Nick Bruining Q+A: Consider the Centrelink benefits of renting in a retirement village instead of buying

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Nick Bruining
The Nightly
Should you choose to rent instead of buying a unit outright?
Should you choose to rent instead of buying a unit outright? Credit: Getty/Getty


We are a married couple who receive a part-pension and are about to move into a retirement village.

We sold our house and will pay $620,000 for our unit, leaving us with about $100,000. We will pay a monthly maintenance fee of just over $600. We are also liable for power costs and pay council rates directly.

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For Centrelink purposes, are we still assessed as homeowners and do we have any other options?


If not too late, it might be worth exploring a rental arrangement instead of the lump-sum amount because you could be entitled to rent assistance of up to $177.20 a fortnight.

If you do decide to rent, the higher non-homeowner’s asset test limit of $722,000 will also apply. The proceeds of the house sale — invested in a high-interest bank account and coupled with rent assistance — might cover the cost of renting the unit.

At 4 per cent, for example, the $620,000 would generate about $477 per week. You would need a bank account that pays interest monthly to assist with cash flow.

If you proceed with a lump sum, the money paid by you to enter the retirement village is known as your entry contribution. Centrelink will assess the full $620,000 as your contribution for the time you live there. To determine if you are a homeowner, Centrelink uses an “extra allowable amount”, which is the difference between the non-homeowner and homeowners asset test threshold.

As of July 1, that extra allowable amount is $252,000. The extra allowable is established at the time you move in and is not increased each year.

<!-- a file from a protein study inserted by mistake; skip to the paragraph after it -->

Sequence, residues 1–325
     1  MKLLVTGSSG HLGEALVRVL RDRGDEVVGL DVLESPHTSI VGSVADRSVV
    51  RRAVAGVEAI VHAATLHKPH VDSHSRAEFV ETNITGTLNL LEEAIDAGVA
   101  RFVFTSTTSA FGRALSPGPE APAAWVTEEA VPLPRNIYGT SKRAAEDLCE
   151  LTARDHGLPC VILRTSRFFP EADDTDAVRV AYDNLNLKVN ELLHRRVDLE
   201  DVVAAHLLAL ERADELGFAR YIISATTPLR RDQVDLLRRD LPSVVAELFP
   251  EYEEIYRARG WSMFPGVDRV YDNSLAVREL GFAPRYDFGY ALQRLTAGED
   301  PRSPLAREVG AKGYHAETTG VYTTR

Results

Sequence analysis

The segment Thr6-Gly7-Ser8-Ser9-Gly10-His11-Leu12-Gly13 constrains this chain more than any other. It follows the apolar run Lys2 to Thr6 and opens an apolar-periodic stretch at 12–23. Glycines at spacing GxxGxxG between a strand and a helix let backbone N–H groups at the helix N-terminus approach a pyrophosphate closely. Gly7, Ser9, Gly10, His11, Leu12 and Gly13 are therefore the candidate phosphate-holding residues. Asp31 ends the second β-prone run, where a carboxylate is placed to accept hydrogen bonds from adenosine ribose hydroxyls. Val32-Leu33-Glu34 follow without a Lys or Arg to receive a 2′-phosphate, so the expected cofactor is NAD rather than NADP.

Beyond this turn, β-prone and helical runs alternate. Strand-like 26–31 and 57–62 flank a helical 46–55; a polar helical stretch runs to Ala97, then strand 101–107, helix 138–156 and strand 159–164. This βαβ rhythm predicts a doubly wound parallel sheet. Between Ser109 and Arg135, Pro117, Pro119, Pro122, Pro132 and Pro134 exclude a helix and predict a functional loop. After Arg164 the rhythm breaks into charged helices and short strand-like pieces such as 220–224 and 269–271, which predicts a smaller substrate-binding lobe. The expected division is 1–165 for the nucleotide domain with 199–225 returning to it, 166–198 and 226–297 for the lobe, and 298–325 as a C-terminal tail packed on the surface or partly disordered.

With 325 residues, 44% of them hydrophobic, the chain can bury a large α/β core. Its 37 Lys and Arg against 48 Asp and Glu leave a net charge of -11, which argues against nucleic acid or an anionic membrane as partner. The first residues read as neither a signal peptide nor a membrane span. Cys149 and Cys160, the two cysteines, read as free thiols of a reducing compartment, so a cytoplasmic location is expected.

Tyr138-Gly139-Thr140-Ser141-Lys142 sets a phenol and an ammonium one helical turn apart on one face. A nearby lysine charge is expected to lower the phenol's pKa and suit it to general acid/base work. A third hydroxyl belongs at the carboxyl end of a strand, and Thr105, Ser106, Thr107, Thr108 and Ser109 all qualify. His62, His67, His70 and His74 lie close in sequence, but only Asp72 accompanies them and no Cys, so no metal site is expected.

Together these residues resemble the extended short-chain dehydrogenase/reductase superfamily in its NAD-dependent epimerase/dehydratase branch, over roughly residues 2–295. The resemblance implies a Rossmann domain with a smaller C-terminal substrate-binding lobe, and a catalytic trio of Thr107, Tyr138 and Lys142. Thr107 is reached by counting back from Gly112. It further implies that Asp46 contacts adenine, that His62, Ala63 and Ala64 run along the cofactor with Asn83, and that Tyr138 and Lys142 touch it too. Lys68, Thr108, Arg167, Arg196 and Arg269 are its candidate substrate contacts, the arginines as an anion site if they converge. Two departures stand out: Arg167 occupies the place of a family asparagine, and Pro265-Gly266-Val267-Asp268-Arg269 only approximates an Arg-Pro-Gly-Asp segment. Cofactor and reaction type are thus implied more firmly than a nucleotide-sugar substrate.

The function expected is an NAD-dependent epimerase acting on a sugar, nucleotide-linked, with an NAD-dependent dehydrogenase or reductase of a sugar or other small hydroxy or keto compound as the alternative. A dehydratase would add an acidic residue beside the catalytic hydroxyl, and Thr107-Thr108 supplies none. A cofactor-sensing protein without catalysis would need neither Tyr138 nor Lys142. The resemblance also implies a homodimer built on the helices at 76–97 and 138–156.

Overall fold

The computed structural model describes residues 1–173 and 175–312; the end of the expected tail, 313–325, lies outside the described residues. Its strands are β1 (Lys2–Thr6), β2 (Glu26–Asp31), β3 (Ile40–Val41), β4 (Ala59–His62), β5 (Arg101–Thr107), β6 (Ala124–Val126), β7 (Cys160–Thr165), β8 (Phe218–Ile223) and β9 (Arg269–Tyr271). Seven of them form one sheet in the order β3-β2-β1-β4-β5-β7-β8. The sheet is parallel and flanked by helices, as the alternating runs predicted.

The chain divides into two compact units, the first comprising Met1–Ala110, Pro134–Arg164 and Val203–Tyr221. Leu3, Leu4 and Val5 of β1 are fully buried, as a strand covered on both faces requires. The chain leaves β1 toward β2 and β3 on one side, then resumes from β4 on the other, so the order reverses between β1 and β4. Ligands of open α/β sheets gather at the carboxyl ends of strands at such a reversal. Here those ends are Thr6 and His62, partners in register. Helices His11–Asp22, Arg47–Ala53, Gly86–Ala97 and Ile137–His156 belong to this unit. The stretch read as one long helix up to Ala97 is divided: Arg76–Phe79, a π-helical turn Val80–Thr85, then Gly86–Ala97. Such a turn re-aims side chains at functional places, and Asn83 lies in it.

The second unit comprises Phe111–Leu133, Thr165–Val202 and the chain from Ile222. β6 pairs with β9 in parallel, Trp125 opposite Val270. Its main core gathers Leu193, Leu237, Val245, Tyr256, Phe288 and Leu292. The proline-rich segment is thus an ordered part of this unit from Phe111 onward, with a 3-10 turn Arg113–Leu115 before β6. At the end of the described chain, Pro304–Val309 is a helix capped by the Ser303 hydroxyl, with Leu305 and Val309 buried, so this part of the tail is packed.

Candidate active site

With $620,000 paid in while the amount is $252,000, you will continue to be assessed as a homeowner. As it stands, the $600 maintenance fee paid as a “homeowner” does not qualify you for any additional payments from Centrelink.

If your entry contribution was less than the extra allowable amount, you would have been assessed as non-homeowners. Assuming you proceed with the purchase, the amount left over is $100,000.

That figure will be added to any other financial assets you have and assessed under both the income and the asset test.

While you have not stated which means test your pension has currently been reduced by, remember that once the proceeds are recorded by Centrelink these additional funds may probably reduce your pension further.


I am in my 30s and have a problem I hope you can help solve. I work in a sensitive government role and any legal issues could end my career.

Prior to COVID-19, I was in a long-term relationship that ended badly in 2020. With all that was happening, I neglected to file my income tax return.

Unfortunately, that trend has continued and, once again, I feel the pangs of guilt having not lodged a return since the 2019 tax year.

I have received reminders from the ATO which I ignored. Can you suggest any pathway forward?


You are not alone and many people fail to lodge their returns for various reasons which, in the main, the Australian Taxation Office is sympathetic to and will take into consideration.

Importantly, you should make contact with the ATO by calling 13 28 61 and let the office know what has happened and that you are now fixing the problem.

You could use a tax agent or accountant if you wish, but you will probably find that you can lodge the missed returns yourself. If you have a myGov account, you can link the ATO service to the portal.

This service allows you to prepare and lodge your own tax returns online. You will find that almost all of the data regarding wages, bank interest, share dividends and even some deductions have been pre-filled for each year.

In many cases, it is just a case of clicking “confirm” and simply lodging the return.

If any penalties are applied, you should then call the ATO again and again explain the situation. There is a reasonable chance they will cancel the penalties.

Nick Bruining is an independent financial adviser and a member of the Certified Independent Financial Advisers Association

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